Delivering a 20,000-pound MRI scanner to a hospital can pose immense safety risks not only to the delivery crew, but also to hospital staff, visitors and patients. It can take five or six people to roll the machines on pallets from a loading dock through various hallways into the installation room.
“To get equipment into buildings, we have to take it apart, and sometimes the pieces are just too big for the corridors,” says Ed Kling, Western Canada regional support engineer for nuclear medicine and radiopharmacy products at GE Healthcare. “This means they could crash into walls or people and possibly hurt someone.”
To address this, GE Healthcare’s Canadian environmental health and safety teams have been instrumental in getting some equipment redesigned so it could be broken down into smaller pieces that are lighter, less cumbersome and safer to transport. They also had special tools developed that make handling the machinery easier and safer for the company’s 570 Canadian workers.
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In 2015, a working alone app (NeverAlone) was launched for GE Healthcare to enhance the usability, flexibility and productivity of the working alone procedure. This app is a great example of a project the joint health and safety committee and safety champions drove as a team — they planned, developed, tested and communicated the app.
“Our employees work in remote areas, geographically and even in the hospital environment. We don’t always have the ability to have two people on a job, but by having this app, it gives our employees the confidence that someone is watching out for them,” says Paul Desiri, GE Healthcare’s director of environment health and safety at the company headquarters in Mississauga, Ont.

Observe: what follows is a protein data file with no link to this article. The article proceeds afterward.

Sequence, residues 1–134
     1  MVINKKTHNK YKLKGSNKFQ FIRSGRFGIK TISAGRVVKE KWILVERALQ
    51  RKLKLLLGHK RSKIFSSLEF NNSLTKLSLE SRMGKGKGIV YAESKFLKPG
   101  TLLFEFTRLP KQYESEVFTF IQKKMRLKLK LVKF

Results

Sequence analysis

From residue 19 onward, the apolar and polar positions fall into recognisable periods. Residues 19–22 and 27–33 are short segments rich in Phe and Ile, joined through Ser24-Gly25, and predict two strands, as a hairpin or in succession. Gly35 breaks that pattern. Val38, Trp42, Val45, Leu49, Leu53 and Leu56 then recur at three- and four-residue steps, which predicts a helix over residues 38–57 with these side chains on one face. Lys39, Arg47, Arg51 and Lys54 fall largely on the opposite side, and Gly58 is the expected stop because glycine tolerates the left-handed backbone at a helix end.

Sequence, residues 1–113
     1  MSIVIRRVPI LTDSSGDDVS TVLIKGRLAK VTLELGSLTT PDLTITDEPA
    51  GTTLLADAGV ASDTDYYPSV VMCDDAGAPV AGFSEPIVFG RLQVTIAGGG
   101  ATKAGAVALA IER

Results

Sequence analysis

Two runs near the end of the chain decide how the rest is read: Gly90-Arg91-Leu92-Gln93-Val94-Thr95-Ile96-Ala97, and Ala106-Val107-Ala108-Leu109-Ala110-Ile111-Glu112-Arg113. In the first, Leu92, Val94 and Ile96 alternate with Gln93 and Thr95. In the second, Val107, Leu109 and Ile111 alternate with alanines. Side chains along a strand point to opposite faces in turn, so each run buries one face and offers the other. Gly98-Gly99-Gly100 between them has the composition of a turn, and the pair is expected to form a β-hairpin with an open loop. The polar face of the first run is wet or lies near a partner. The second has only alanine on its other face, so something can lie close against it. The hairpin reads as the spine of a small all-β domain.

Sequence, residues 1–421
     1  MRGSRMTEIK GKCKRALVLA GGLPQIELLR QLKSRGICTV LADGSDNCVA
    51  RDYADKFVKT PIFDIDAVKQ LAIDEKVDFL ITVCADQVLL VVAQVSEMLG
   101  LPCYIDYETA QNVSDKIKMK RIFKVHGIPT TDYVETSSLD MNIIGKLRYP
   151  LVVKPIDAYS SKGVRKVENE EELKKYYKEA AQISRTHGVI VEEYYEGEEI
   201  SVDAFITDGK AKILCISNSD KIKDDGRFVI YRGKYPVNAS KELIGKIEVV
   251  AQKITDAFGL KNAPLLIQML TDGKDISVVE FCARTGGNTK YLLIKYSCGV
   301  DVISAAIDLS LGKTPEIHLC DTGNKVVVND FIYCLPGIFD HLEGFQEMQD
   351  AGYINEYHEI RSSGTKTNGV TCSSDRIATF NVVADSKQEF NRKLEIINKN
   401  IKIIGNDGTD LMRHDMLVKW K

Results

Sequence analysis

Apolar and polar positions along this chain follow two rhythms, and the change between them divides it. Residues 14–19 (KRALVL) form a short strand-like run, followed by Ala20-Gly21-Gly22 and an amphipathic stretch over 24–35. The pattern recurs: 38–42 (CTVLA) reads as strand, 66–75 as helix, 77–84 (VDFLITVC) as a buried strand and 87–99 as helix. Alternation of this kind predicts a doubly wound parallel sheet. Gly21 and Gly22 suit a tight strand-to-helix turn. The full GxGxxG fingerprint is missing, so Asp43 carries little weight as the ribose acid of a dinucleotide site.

Across the 130 countries where GE operates, workers bring best practices and improvements to corporate decision-makers through their EHS champions, who also conduct safety audits in their areas.
“EHS is not a top-down driven program. It’s at every layer of the organization and because of the EHS champions, it helps people know and understand the real actionable items they need to do in their specific roles,” says Kling, who is a safety champion himself. “It also enables continuous two-way communications to keep people aware and current for their specific area of the business and provide real feedback.”
GE Healthcare has a large fleet of motor vehicles and the majority of its employees drive on company business, so it has a robust motor vehicle safety program. All employees who drive more than 40,000 kilometres per year on company business or who have one moving violation or incident are required to complete practical hands-on driving refresher training. The requirement for training was validated by a review of the incident data (fault and no-fault) that found the potential for motor vehicle incidents is highest for employees who drive more than 40,000 km per year.
Other initiatives that have been implemented include ongoing distracted driving campaigns, defensive driving reminders and driver ergonomic tips.
According to Desiri, the numbers show the company’s commitment to safety is working. Since 2006, GE Healthcare Canada has surpassed 10 million hours without a lost-time injury. Non lost-time injuries have also shown continuous improvement year over year. For example, six years ago, that rate was 1.2, but it is expected to be about 0.3 for 2016.
“We see every near miss as a gift,” he says. “It means that no one got hurt, presents an opportunity to learn and allows us to fix a problem before someone does.”
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